What It Means to 'Live With' PTSD


At first, an unintended grin swept across my face. I may have even let out a little giggle.

Depression, yes. Anxiety, of course.

But post-traumatic stress disorder?

That’s a bit dramatic.

Then my whole body slowly crumbled under the weight of my psychologist’s words as she stared at me, unflinching. I sank deeper into the couch, as my brain filtered through all I knew about PTSD from my psych classes. She waited, knowing full well how I process things.

This feeling of defect flooded in with a very strange wave of relief. There was something that had coated my whole being, and no matter how hard I scrubbed, it would never come off… but I finally understood myself like never before.

Once she saw the tears finally well up in my eyes as I realized my new truth, she began assuring me with tips and tricks to “live with this.”

Live with this?

Through the last six years I’ve gotten married, had two kids, and “living with this” has become my reality. I describe it as a reel of film in the back of my mind constantly playing back my multiple traumatic experiences as well as new ones thought up that “could” happen. (Oh the brain, so creative. I completely understand how the “Saw” movies were thought up.) When I am practicing good things and avoiding triggers, this little theater is a dim and quiet presence.

But there are the bad days, some bad weeks and, very rarely, bad months. Sometimes between dishes, laundry, preparing meals, and playing referee to my kids, there isn’t much energy left over to fight against triggers that come up. I’m so thankful my husband recognizes when I need to go hide in our room, but I can’t stand knowing I’m missing out on sweet moments with my babes, especially when I hear their little voices traveling down the hallway. I hate explaining that “Mommy is not feeling well” once again. I hate that this is their reality.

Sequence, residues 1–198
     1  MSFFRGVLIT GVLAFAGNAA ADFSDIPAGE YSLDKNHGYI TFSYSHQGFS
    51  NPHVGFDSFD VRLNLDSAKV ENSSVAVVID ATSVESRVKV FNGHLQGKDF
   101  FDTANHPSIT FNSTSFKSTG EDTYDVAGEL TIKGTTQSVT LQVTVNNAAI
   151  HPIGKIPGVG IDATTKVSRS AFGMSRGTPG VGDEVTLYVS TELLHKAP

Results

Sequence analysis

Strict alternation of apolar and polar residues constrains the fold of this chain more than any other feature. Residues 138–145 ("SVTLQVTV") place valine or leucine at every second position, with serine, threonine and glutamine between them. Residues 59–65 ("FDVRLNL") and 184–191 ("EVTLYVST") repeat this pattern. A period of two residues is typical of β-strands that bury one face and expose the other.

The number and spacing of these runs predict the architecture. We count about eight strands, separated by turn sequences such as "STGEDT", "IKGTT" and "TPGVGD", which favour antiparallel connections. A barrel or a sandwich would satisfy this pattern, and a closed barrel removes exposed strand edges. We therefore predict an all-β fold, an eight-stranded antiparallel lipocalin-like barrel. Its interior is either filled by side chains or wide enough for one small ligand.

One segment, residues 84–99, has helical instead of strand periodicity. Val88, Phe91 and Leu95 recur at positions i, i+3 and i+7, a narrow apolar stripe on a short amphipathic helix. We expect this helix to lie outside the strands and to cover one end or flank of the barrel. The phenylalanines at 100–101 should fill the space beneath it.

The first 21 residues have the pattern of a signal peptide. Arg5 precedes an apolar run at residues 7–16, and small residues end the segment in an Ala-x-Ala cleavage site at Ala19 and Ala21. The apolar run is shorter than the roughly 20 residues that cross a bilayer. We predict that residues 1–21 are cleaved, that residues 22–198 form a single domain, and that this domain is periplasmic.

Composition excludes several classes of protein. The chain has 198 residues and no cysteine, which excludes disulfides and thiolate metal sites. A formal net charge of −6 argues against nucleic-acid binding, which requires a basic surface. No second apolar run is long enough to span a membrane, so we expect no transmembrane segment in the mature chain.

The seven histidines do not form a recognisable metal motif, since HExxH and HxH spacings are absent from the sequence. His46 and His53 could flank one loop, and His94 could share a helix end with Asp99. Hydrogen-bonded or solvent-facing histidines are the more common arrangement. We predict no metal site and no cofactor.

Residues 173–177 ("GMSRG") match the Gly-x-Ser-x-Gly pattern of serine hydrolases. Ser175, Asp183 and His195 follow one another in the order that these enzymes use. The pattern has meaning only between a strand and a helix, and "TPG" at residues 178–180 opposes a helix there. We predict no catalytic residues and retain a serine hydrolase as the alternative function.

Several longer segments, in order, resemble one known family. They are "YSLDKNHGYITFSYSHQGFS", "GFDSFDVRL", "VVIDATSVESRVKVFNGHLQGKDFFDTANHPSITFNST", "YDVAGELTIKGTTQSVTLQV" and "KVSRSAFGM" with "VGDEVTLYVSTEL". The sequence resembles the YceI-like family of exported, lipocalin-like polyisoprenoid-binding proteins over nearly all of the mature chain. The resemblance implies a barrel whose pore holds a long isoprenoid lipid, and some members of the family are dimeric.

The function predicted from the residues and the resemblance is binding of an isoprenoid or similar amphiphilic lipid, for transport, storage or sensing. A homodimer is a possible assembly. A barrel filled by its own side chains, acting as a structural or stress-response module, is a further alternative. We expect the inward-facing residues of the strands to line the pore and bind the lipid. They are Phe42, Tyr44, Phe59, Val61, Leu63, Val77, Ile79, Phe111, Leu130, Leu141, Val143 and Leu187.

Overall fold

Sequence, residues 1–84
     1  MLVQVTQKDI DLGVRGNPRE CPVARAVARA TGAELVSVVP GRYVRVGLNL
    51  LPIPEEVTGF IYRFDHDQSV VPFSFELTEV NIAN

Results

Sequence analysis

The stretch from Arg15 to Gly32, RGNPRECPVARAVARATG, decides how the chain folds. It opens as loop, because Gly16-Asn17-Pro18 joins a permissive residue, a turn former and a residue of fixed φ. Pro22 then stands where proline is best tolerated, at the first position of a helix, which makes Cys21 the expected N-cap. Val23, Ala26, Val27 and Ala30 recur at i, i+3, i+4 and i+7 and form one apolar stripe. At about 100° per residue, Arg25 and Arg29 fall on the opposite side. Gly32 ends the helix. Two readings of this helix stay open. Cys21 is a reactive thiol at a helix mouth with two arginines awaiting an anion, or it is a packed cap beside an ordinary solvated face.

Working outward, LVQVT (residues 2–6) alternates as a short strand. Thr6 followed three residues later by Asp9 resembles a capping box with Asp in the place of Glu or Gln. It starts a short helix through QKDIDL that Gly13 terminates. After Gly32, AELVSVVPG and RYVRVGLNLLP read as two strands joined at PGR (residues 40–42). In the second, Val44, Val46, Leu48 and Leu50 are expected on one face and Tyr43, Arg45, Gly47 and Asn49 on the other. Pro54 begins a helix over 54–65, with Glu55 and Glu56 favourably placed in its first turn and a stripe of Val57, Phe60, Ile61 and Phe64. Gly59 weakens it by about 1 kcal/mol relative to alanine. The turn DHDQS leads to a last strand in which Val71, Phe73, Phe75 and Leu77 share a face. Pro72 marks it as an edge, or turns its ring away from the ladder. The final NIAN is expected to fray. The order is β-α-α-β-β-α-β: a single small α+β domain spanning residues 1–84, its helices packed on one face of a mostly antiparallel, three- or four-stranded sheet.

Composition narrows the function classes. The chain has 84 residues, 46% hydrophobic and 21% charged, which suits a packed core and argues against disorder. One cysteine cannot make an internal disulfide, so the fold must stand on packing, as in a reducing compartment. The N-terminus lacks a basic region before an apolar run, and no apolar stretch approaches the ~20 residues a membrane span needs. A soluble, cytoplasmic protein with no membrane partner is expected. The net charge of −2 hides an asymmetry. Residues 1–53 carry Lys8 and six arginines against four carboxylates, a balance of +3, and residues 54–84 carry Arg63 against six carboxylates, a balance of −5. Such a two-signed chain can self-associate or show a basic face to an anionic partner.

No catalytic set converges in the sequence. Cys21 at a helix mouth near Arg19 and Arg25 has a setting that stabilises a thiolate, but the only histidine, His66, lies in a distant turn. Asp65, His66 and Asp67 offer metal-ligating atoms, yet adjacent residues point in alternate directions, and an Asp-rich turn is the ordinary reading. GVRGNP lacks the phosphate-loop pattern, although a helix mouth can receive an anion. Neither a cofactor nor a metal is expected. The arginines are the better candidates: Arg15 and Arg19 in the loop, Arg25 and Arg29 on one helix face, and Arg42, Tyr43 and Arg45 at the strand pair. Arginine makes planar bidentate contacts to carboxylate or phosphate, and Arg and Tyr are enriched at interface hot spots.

Our world looks normal on the outside. I’ve got the family portrait to prove it. But when trying to explain why we may not make it to a certain event or why my husband is taking over the kids, the feeling of isolation comes over me in those awkward silences that follow.

I’m fortunate to have a few people “there for me” in my life, but what I would give to be completely understood, for someone to know the exhaustion of battling the brain every second of every day. Like I’m treading water just to breathe.

So I’ve made it my life to reach out my hand to anyone who feels misunderstood…because good needs to come out of this somehow. PTSD is something I will always live with, putting this into words is healing, and my hope is others like me will feel less alone.

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